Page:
This article was originally published in the fall 2012 Harker Quarterly.
Siddarth Satish ’06 certainly knows how to get extra mileage out of his graduate work. What began as a study for his master’s thesis led to his becoming a finalist in a prestigious contest, followed by the successful launch of an innovative startup company.
Last year, thanks to his graduate work on blood loss monitoring, Satish became part of the only finalist team representing Stanford University to compete in Saving Lives at Birth: A Grand Challenge for Development Partners.
The contest, sponsored by the U.S. Agency for International Development (USAID), the government of Norway, the Bill & Melinda Gates Foundation, Grand Challenges Canada and the U.K.’s Department for International Development, called for innovative solutions to save the lives of mothers and newborns around the time of birth and elicited more than 500 submissions from almost 60 countries.
Only 65 finalists, including Satish’s team, were selected to advance to the final stage of the competition, with a public vote online. Called “Lowest Mobile Platform for Real-Time Monitoring of Blood Loss,” Satish’s project was mentored under the co-advisement of Stanford University professors Michael Hsieh and Mark Gonzalgo, along with David Rempel, a professor at the University of California, San Francisco.
Although Satish and his group were not ultimately awarded grants, they attained the prestigious status of finalists and the project resulted in an innovative spin-off – Gauss Surgical Inc., a startup company he co-founded with CEO Dr. Milt McColl, a serial life sciences entrepreneur, former venture capitalist and former NFL linebacker (who won two Super Bowls with the San Francisco 49ers in the 1980s). The two co-founders, who are also entrepreneurs-in-residence at StartX, the Stanford student startup accelerator, were able to raise $1 million in seed funding last fall from several angel investors.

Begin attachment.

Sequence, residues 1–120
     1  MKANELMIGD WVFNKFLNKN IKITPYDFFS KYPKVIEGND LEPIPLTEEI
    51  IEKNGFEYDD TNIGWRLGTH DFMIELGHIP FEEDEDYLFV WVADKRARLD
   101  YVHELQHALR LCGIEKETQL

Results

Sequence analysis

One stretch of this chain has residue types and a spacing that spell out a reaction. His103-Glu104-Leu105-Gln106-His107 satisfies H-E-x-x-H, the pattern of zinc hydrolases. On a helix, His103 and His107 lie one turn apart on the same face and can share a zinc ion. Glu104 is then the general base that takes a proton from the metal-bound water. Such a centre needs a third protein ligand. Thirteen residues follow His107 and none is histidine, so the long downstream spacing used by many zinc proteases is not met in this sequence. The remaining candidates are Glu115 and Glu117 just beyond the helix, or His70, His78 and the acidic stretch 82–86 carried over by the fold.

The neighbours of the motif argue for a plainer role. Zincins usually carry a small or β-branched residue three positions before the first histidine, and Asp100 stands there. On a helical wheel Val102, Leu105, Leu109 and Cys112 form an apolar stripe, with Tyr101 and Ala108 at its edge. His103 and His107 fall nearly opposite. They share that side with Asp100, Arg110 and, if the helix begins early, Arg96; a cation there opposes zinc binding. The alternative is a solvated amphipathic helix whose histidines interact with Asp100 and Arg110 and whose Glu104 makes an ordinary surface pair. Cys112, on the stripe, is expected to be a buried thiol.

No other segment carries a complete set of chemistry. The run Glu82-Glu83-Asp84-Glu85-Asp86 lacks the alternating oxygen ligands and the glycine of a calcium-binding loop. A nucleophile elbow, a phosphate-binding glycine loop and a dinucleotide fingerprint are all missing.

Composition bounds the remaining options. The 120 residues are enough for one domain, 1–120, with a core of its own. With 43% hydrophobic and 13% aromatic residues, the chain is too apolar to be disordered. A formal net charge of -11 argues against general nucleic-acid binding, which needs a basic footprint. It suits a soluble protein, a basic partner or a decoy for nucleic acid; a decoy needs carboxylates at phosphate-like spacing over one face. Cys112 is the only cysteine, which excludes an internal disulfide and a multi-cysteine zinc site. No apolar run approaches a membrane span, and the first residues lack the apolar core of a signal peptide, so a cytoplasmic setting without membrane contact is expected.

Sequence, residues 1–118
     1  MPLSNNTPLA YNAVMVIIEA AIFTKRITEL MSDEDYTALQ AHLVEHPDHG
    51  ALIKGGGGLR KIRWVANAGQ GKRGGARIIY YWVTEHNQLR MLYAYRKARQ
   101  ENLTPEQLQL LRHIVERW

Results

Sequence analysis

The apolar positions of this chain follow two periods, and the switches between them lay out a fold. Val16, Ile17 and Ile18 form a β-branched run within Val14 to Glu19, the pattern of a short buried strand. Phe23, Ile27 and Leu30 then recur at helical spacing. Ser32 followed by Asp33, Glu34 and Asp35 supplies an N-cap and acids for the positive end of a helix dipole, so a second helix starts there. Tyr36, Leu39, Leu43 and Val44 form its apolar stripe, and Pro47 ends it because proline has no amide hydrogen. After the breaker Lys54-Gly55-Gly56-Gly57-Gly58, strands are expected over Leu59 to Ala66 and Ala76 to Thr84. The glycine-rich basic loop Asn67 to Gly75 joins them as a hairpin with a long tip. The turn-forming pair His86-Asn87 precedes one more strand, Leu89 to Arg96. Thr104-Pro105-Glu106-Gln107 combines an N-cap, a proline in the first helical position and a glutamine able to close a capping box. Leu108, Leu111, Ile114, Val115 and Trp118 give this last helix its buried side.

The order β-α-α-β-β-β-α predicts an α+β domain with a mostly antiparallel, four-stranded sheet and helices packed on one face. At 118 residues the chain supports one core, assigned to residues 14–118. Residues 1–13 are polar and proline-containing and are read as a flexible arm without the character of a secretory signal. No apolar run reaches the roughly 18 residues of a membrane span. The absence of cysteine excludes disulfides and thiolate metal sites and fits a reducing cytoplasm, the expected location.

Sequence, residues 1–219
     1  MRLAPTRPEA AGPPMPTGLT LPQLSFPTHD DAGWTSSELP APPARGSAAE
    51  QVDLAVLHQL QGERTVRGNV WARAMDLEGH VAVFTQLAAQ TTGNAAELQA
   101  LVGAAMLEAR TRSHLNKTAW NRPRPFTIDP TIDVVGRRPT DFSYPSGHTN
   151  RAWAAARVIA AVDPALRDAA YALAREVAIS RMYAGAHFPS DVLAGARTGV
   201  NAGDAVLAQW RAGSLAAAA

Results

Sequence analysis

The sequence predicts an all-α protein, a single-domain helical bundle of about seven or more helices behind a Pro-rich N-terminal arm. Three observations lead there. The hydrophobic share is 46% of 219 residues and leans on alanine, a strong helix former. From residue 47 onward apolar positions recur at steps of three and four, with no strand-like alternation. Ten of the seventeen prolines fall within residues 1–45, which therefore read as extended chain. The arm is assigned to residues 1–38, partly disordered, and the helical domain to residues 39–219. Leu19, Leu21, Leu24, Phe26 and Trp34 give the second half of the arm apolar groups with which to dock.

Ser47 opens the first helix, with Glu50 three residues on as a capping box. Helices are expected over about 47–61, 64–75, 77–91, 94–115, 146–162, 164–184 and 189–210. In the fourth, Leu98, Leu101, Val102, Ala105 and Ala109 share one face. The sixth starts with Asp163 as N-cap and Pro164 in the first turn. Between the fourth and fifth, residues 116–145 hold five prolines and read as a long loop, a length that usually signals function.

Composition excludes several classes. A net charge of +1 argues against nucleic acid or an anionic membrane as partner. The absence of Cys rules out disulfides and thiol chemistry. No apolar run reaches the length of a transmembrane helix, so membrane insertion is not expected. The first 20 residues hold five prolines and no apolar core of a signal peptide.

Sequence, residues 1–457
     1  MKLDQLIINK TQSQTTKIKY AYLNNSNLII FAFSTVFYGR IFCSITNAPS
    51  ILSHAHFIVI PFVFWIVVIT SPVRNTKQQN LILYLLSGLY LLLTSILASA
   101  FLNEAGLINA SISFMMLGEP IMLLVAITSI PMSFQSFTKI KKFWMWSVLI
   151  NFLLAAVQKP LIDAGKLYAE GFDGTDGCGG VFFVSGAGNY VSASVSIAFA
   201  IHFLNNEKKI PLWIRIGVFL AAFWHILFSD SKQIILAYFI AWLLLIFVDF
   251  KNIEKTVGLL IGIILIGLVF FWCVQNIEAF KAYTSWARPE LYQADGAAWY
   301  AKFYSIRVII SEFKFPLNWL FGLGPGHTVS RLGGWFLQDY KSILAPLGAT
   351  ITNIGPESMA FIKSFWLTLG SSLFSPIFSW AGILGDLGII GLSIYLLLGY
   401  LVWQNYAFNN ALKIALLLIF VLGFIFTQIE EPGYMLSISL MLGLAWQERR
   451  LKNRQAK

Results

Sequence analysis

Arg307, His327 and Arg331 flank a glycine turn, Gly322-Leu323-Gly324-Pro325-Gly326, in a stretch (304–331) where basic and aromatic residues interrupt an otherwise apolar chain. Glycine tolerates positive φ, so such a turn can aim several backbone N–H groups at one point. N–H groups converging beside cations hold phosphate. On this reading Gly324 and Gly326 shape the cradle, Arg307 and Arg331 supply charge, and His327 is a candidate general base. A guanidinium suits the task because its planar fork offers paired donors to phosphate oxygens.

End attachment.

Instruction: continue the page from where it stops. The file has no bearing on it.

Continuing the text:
The health technology business uses the iPad as the base of a new method to help anesthesiologists monitor blood loss during surgery in real time, hoping to facilitate better intraoperative fluid management and more appropriate blood transfusions.
According to Satish, who serves as chief technology officer, the mobile medical platform uses the iPad to scan surgical surfaces that are covered in blood, chiefly pieces of gauze that soak up blood during surgery. Through an iPad app, those scanned images are sent to the cloud, where Gauss’ algorithms determine and deliver an estimate of how much blood is present.
Many surgical teams currently use visual estimation to determine how much blood a patient loses during procedures. However, overestimating or underestimating blood loss can contribute to patient complications, morbidity and mortality while increasing care costs.
While still under development, a final business model will likely be similar to those which hospitals are used to seeing with medical devices and software. The product will showcase at the American Society for Anesthesiologists’ and the Society for the Advancement of Blood Management’s annual meetings in the fall.
While clearly enthusiastic about his new business venture, Satish further shared some exiting news about his girlfriend, and Harker classmate, Alisha Tolani ’06. Tolani, who attended Stanford, was recently awarded a Fulbright scholarship by the Department of State and will be traveling to Honduras this fall. Similar to the USAID contest Satish had placed in, Tolani’s project involves a study of obstetrical outcomes among high- risk populations of laboring mothers in government hospitals.
“I think she’s particularly excited about putting her Spanish skills to great use after taking seven years of Spanish at Harker!” he said.
Both Satish and Tolani credit Harker’s encouragement of forward thinking with helping to pave the way for their future successes. “Although I pursued a technical path after high school, the true highlight of Harker for me was my involvement with debate,” said Satish, a former Harker debate captain.
“The skills that I developed as a debated I use every single day, both in my technical work and towards the business, as a model for thinking. I’d highly encourage students to get involved with debate, even if they are planning to pursue a technical degree in college,” he said.